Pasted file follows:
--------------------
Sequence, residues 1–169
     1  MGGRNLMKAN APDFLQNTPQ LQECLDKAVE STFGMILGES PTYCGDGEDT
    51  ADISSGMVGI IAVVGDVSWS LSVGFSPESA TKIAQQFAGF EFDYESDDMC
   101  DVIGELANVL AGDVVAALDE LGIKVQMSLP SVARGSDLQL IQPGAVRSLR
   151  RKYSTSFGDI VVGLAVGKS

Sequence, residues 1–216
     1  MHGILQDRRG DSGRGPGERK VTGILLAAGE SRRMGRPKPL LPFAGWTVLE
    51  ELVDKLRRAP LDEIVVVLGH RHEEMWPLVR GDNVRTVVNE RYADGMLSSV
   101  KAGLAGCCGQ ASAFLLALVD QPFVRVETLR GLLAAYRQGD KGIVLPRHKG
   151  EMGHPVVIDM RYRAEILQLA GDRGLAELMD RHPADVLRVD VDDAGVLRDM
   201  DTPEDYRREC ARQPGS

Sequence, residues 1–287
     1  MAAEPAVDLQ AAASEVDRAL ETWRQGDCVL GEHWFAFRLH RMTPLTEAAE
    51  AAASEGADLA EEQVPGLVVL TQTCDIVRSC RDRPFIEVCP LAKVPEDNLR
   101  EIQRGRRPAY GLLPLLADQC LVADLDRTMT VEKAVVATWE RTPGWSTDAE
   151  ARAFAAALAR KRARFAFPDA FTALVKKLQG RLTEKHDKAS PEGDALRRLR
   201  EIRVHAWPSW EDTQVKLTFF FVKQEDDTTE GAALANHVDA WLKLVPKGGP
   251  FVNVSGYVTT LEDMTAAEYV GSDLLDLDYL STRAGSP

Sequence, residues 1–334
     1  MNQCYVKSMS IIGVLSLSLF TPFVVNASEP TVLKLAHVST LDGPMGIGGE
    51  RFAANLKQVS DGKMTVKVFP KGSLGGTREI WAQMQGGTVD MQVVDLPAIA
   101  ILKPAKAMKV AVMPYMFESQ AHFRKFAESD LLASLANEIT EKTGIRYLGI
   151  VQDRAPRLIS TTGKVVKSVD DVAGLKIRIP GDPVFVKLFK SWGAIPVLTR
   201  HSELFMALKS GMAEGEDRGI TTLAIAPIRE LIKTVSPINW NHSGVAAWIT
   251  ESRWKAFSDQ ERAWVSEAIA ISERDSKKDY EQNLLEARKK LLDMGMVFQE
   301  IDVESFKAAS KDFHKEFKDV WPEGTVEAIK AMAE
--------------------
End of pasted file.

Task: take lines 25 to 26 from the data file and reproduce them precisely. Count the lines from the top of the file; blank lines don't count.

   251  ESRWKAFSDQ ERAWVSEAIA ISERDSKKDY EQNLLEARKK LLDMGMVFQE
   301  IDVESFKAAS KDFHKEFKDV WPEGTVEAIK AMAE